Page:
***3. After talking about a couple of books of interest to children I am going to walk down a different path here with one of my all time favourite books. I only need to say two words. George Orwell. No, not 1984 as that while his most famous book, is probably the least favourite book of his as I am not a big dystopian fan though I do appreciate the meaning behind it and how relevant his writing remains.
My favourite books of his are his memoir/auto-biographical books. Burmese Days, Homage to Catalonia, The Road to Wigan Pier and this one, my favourite, Down and Out in Paris and London. I’ve read Animal Farm a couple of times and seen the play years ago but it broke my heart and I can’t read it again.
Orwell was born as Eric Arthur Blair in June 1903 in Motihari, India. He died in January 1950 at the too young age of 46 in London of tuberculosis. He was such a prolific novelist, essayist, journalist and critic. I can’t help but think of how much more he would have blessed us with had he not died so young.
13 thoughts on “D is the letter of the day today.”
My husband is a cat person but I go to the dog side of the fence, hence we have both. The book you mention is not one I am familiar with.
I sort of had a D book in my hand early this morning: Essays by Lydia Davis. It’s a wonderful dipper of a book – LD thrives on short pieces which are equally entertaining and dazzling as her longer essays. She’s such a stimulating writer – writing about a wide range of topics.
I’ve notice that dog themed books are pretty popular with ou9r Book Club. Being a cat fan myself, I give them a wide berth!
A nice selection of D books! Mr. Kaggsy has commented on the number of people we’ve seen walking lately too, so it’s obviously a global thing as people adjust to being indoors for most of the time apart from their designated exercise!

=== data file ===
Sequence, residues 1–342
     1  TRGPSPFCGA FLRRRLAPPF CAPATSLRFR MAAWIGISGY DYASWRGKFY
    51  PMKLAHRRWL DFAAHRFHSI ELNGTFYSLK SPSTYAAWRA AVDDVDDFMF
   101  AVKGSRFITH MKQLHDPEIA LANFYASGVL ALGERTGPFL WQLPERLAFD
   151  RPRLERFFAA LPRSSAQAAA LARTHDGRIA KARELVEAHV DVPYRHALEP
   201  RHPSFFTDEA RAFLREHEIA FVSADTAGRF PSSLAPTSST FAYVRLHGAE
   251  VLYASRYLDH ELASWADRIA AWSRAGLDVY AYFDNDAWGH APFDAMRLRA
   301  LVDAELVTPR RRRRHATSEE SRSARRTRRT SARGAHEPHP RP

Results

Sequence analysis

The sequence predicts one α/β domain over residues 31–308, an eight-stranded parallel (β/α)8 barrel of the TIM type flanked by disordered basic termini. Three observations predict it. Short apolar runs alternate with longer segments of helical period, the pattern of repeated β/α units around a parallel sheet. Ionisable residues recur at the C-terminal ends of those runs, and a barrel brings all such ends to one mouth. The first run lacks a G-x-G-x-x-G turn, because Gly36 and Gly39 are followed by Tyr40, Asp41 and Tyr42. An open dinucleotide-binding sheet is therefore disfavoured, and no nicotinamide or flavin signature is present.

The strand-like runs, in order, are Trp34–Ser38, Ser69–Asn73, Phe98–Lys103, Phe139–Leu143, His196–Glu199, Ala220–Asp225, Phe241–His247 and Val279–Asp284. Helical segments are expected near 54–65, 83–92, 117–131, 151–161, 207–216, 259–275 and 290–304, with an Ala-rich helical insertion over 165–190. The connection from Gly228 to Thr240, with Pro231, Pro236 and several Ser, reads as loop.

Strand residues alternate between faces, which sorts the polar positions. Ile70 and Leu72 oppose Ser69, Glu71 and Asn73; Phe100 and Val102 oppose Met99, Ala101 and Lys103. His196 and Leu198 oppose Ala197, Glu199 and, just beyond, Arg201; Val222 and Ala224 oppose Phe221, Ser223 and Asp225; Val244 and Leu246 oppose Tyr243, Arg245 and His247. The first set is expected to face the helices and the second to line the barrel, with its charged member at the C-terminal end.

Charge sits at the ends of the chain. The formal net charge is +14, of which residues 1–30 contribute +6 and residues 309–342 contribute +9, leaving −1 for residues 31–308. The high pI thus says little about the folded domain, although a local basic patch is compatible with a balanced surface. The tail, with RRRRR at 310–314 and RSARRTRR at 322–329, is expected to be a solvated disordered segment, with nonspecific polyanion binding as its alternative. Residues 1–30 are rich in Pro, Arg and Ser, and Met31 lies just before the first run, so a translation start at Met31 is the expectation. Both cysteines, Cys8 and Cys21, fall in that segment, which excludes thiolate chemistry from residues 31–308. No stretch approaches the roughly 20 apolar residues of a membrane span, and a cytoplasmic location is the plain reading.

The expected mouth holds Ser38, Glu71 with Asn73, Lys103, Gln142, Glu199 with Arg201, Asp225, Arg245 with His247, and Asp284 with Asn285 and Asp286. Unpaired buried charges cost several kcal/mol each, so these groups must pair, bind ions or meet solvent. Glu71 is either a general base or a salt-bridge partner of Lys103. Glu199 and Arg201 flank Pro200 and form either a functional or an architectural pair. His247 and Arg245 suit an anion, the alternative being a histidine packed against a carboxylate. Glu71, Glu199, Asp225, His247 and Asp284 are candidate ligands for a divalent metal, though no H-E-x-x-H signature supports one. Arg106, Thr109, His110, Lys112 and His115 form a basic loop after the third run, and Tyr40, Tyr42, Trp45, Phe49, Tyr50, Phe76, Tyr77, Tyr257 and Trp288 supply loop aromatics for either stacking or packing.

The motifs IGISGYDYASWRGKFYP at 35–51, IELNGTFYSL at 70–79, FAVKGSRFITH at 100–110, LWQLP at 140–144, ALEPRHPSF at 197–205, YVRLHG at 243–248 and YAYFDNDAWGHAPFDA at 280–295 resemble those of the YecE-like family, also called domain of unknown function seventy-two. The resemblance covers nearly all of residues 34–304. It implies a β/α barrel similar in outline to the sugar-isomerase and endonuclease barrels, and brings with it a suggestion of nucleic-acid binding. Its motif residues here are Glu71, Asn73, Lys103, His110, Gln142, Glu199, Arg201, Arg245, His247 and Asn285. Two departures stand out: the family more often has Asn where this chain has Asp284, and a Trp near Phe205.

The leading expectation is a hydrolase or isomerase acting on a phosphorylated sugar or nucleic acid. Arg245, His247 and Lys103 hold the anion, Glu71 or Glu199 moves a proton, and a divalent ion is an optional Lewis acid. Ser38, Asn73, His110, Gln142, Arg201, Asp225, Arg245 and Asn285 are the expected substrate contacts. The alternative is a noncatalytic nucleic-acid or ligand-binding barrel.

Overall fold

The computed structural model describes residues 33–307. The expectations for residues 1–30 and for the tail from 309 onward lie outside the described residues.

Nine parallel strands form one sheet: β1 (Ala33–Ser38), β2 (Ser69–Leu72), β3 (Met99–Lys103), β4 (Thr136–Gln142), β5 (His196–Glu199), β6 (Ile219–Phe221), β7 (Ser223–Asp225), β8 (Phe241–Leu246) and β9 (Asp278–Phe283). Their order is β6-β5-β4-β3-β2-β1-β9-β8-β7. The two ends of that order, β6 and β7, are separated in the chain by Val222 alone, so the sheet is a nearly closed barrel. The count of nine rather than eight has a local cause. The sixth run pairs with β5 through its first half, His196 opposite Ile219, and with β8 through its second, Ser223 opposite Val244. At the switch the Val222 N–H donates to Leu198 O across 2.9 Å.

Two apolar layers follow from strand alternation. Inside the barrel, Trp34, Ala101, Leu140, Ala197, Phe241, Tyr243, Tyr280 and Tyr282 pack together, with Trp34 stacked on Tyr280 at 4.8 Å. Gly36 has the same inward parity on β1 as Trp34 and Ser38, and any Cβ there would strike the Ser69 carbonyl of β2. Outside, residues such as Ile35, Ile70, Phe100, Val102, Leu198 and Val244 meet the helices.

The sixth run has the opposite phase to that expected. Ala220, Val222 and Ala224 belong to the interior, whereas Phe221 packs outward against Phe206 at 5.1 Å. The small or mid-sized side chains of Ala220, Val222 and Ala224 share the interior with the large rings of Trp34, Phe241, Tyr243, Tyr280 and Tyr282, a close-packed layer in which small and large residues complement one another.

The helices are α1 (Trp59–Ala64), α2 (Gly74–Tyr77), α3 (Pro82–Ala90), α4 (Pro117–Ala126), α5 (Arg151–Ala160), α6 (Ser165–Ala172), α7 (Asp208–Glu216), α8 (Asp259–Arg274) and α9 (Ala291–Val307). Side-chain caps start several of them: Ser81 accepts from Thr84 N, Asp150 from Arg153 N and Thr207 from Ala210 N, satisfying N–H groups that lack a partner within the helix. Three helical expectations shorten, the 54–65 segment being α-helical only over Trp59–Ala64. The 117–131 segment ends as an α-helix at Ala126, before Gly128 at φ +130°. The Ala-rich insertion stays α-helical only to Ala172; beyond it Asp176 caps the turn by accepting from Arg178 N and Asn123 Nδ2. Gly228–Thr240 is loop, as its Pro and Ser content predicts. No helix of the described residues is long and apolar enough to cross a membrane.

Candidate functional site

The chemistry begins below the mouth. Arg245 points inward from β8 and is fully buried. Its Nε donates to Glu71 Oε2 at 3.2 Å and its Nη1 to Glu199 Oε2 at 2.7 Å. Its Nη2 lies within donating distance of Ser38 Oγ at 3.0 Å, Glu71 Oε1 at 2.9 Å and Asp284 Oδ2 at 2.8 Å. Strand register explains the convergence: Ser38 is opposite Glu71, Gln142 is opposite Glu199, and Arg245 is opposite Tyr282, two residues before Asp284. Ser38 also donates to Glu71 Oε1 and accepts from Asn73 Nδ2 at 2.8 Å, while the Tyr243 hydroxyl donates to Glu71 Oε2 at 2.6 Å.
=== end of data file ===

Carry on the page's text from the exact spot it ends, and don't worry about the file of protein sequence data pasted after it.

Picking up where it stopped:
I love “Down and Out…” – we studied it at school (along with 1984 and Animal Farm), which is when I learned to love Orwell. What a writer.
I have held a *lot* of books in my hands today as I’ve been having a bit of a sort out and shuffle! But I have *read* some Proust and some Ian Nairn on Paris, both of which are most entertaining although very different!
I keep picking up books and putting them down unable to settle on anything. It’s quite odd really.
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i loved the Terhune stories eons ago… i recall rereading them a lot… i had John Woolmans’s Journal in hand briefly; may get around to actually reading it sometime this year… by all means watch out for falling branches! i had personal experience of rain and hail while on my bike ride today: that was kind of exciting… and wet haha…
Terhune wrote wonderful dog stories that I read again and again as
a child. You have to love the tales of wonder and courage.
I love Orwell’s memoir writing much more than the better know novels also.
I just had Mary Webb’s Gone to Earth in my hand but now off to find a new read.
Orwell did so much in his life and wrote so well about it. A shame he had such a short life. Think of what he could of done.
Orwell, great choice, and yes, shout out to Bill for nominating Dusty:)
I’m going to nominate Dustfall by Michelle Johnstone, a novel about Wittenoom…
I have Dusty but not familiar with Dustfall.
Pam, do try to get hold of a copy, it is brilliant.
Today how could I go past the quintessential Australian dog story, Dusty by Frank Dalby Davidson.
I actually have Dusty on my shelf.